Insurance industry internships, broader career development opportunities and bringing better health care to underserved communities are all interwoven into the workers’ compensation carrier’s mission.
Jeremiah Bentley gets it. The vice president of marketing and community affairs at Texas Mutual Insurance Company is a big believer in the workers’ compensation carrier’s efforts to bring more talent into the insurance industry, while at the same time being an active benefactor in the communities where the Austin, Texas -based company conducts business.
“A lot of companies can give money,” Bentley said.
“The fact that not only are we giving money back to the community, but we’re investing our own time and talent to build things for ourselves and others in the industry [also]that makes me feel like it’s real,” Bentley said.
The capability of workers’ compensation carriers to serve the communities they work in beyond risk transfer is a growing area of focus for the National Comp conference and a topic we’re pleased to include on this year’s program agenda.
Bentley will share his insights on corporate community building on Oct. 19, 2022. He shared some of this thoughts with Risk & Insurance in advance of the presentation.
1) Training for the Job
Some of Texas Mutual’s industry and community development efforts are more recent, and some have been in place for years.
A longstanding program that has helped Texas Mutual bolster its ranks, including its leadership ranks, can be characterized as a robust job training program.
“We take kids out of risk management academies across the state and train them to be underwriters or claims adjustors or whatever it might be and give them that exposure and experience with Texas Mutual,” Bentley said.
“It’s been a really successful program,” he said.
“A fair amount of our underwriting leadership at the supervisor level are people who came through that program,” he added.
2) Looking Local
A second approach is being implemented with Houston Community College and some local nonprofits.
The idea is to capture job candidates who find themselves in a job with limited growth and income prospects and help them shift career tracks — right into insurance.
This approach comes under the heading of apprenticeships, in which Texas Mutual pays the worker full-time hours to work a 20-hour week while at the same time paying for their continued education.
The candidates might work as claims associates, handling paperwork, returning phone calls and monitoring regulatory filings.
“They are basically part-time claims assistants. They’ll transition to full-time work in that job, too, but they’re earning and learning at the same time. That was important to us, because these are people with lives that need full-time wages,” Bentley said.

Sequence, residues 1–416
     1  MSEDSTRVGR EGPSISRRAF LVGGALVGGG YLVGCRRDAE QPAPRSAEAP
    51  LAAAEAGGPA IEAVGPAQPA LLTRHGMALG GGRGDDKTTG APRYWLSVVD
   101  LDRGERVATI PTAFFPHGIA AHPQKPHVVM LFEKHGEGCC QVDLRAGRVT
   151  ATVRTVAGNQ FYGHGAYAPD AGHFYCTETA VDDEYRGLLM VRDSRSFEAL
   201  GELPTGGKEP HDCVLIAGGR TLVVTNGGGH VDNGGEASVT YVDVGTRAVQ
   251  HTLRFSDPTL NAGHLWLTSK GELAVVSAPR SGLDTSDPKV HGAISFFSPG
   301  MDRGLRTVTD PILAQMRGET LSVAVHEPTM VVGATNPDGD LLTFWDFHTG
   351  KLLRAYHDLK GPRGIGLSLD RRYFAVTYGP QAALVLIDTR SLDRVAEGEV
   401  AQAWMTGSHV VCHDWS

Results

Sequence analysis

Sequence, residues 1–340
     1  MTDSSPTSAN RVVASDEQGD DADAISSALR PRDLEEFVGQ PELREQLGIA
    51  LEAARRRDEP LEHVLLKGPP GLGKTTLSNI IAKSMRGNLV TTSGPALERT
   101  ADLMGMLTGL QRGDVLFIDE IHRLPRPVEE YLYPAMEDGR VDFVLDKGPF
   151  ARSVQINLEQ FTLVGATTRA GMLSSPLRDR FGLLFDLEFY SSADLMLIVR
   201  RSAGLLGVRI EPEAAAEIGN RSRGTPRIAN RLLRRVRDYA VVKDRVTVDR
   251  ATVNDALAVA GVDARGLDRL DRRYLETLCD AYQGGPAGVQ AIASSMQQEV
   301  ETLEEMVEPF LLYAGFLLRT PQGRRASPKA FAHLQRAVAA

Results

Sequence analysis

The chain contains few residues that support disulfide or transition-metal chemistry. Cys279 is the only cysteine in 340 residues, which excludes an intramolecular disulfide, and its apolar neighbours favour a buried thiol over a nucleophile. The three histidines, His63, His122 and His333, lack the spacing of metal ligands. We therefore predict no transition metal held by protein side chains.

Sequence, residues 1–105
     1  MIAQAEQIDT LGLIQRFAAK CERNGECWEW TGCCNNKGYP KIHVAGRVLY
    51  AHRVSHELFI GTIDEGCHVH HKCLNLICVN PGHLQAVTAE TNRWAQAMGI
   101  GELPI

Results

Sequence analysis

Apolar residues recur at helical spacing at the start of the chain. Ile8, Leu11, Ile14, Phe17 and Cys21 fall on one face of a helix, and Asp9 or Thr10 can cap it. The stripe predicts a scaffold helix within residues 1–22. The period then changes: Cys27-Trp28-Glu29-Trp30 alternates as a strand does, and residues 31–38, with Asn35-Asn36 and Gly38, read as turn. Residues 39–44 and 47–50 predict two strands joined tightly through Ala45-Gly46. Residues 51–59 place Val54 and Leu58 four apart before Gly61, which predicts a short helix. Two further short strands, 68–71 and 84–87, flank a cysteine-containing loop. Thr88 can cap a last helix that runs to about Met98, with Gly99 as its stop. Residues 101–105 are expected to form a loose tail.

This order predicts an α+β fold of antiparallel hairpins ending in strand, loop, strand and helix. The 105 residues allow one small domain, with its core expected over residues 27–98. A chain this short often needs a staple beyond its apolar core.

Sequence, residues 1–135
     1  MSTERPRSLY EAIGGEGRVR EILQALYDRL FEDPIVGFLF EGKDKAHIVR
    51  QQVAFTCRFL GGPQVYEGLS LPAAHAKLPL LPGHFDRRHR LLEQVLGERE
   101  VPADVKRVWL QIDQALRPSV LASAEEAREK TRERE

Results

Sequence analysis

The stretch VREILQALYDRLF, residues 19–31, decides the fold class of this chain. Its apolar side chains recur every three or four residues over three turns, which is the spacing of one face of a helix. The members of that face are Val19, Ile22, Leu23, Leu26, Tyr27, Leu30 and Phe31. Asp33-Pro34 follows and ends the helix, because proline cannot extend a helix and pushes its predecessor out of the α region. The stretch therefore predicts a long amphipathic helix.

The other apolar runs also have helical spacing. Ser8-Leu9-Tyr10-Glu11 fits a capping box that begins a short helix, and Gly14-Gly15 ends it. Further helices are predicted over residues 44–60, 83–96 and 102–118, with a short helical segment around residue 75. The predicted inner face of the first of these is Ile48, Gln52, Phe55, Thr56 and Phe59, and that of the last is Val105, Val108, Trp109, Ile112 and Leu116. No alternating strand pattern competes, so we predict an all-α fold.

Working in collaboration with the Greater Houston Apprenticeship Network, Texas Mutual has already hired its first wave of apprentices through the program.
3) Retraining Opportunities
Another initiative that is already in the books was Texas Mutual’s creation and funding of the Trade Up Texas program.
The six-month effort enabled more than 2,000 residents of the state to be retrained and given opportunities to work in well-paid positions in the trades.
“We were telling people, ‘Hey, do you realize that you can be making $80,000 in a year or in two years being an electrician or a carpenter?’ ” Bentley said.
4) Connecting Young Professionals with Passion
Yet another trade development pipeline project that Texas Mutual is involved in is the Make it Movement.
The brainchild of Texas advertising impresario Roy Spence identifies 18- to 25 year-olds who are looking for meaningful work and connecting them to a career in the trades.
5) Grants for the Community
In addition to the above, and certainly not the least of Texas Mutual’s efforts, is the $7 million in grants Texas Mutual will donate to various community development issues in 2022.
One of those is funding occupational medicine residents at The University of Texas, Tyler for his work in bringing occupational medicine services to underserved parts of the state.
“There is almost no access to occupational specialty care in rural Texas,” Bentley said. “Hopefully this will create more access to this kind of health care for individuals in those areas.”
Giving Back Is the Best Reward
Bentley wasn’t born into money. His dad worked in a factory and his mom was a teacher.
Now, with Texas Mutual, he is appreciating not only the value of a career in insurance. He is also getting a charge out of helping others advance their career and prospects, not only in insurance but also in other fields as well.
“I think it’s exciting to be able to come to work every day and be in a position in my career where I can help make a difference for others,” he said. “I think this is a great industry because you are helping to raise people up.
“You’re creating opportunity for future generations,” he said.
Referring the to the economic cycles that Texas Mutual is trying to re-engineer, Bentley said, “Some of these things are generational. People in East Austin are living in generational poverty and they don’t see a way out of it.
“If we can expose them to either a trade career or an insurance career, that will make a difference for them and their families. That’s the thing that most excites me about it,” he said. &
Hear more from Jeremiah Bentley and other workers’ comp industry leaders at National Comp 2022 at Mandalay Bay in Las Vegas, Oct. 19-21.